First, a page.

WNBA commissioner Cathy Engelbert 'pretty confident' league will have 16 teams by 2028 season

Fiifi Frimpong, New York Daily News on

Published in Basketball

NEW YORK — Moments before introducing the newest crop of superstars into the WNBA, commissioner Cathy Engelbert announced her plan to have 16 teams for the start of the 2028 season. The commissioner said she’s pretty confident in the league adding four more franchises, which would create 48 more roster spots around the league.

“We’re talking to a lot of different cities,” the commissioner said Monday. “It’s complex because you need an arena, a practice facility and player housing and all those things. You need committed long-term ownership groups.”

Currently, the league intends to have a Golden State team for the 2025 season, making it the first new franchise to join the WNBA since 2008. She added that 2026 is a target year to expand to 14 teams.

The commissioner mentioned Philadelphia, Toronto, Portland, Denver, Nashville and South Florida as possible suitors to land a WNBA franchise in the future.

League expansion will require the WNBA to hold an expansion draft, which is set to take place this calendar year.

“So probably in December because it has to happen before the college draft,” Engelbert said. “We’ll share more details as we get closer to that.”

Player facilities

Player facilities in the WNBA are a hot topic, with numerous players opting to join franchises (via trade or free agency) with upgraded facilities.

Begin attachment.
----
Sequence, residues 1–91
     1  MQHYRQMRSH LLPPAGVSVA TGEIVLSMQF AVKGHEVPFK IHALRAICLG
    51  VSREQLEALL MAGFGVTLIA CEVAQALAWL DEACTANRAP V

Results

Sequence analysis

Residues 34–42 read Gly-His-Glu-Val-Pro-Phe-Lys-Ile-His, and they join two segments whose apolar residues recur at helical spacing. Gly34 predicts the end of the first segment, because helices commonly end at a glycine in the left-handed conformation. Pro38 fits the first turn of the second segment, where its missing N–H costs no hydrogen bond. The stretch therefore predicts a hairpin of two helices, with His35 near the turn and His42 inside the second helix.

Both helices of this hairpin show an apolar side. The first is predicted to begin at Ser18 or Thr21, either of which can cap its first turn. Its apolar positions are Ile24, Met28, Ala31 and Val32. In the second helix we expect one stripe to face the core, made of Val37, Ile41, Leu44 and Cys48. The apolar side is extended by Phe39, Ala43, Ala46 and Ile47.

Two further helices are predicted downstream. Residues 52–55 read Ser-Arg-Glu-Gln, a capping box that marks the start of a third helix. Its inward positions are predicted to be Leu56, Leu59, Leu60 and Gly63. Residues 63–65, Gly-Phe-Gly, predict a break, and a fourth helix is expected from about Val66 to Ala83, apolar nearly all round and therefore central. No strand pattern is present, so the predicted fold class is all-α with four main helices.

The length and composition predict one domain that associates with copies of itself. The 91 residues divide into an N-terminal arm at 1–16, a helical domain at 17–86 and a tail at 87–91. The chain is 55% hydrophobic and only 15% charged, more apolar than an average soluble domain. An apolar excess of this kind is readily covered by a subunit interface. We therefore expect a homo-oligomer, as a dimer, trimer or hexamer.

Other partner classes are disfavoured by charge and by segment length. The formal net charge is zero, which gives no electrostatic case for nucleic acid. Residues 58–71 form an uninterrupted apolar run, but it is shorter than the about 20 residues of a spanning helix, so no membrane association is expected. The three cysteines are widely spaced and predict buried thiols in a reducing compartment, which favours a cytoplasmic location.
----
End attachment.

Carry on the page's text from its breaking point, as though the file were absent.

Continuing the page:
“Yeah, I think everybody is watching those teams that are investing in the player experience. There’s a variety of things in player experience that can attract a player in free agency,” Engelbert said.


The Liberty, Phoenix Mercury, Las Vegas Aces and the Seattle Storm are among teams that have new facilities. This offseason, the Storm formed a star-studded roster by signing All-Stars Nneka Ogwumike and Skylar Diggins-Smith. Last offseason, the Liberty benefitted from upgraded player experience by adding MVP Breanna Stewart and former MVP Jonquel Jones.

On the flip side, the Chicago Sky are one of the teams yet to implement their reported plans of a facility. This offseason, the team lost franchise corner Kahleah Copper via trade with the Mercury.

“I think everybody is looking for an advantage to bring in free agents because the one thing I know these long-term committed owners of the W want: They want to win a championship,” Engelbert said. “So I think practice facilities and other player experience have become more important as you seek free agents in the marketplace.”

Charter flight update

Engelbert didn’t announce plans for year-long chartered flights for WNBA players. But she said chartered flights will once again be provided throughout the postseason and for the Commissioner’s Cup. Chartered flights will also be provided to teams traveling on back-to-backs, with more of those games being on schedule due to this summer’s Olympic break.

The commissioner said the league spent $4 million on chartered flights last season.

“As we build the momentum and build the economic model to fund that longer term — there’s nobody that want’s that more than I do for these player,” Engelbert said. “But we have to be in the right financial decision. We’re not going to jeopardize the financial viability of this league.”


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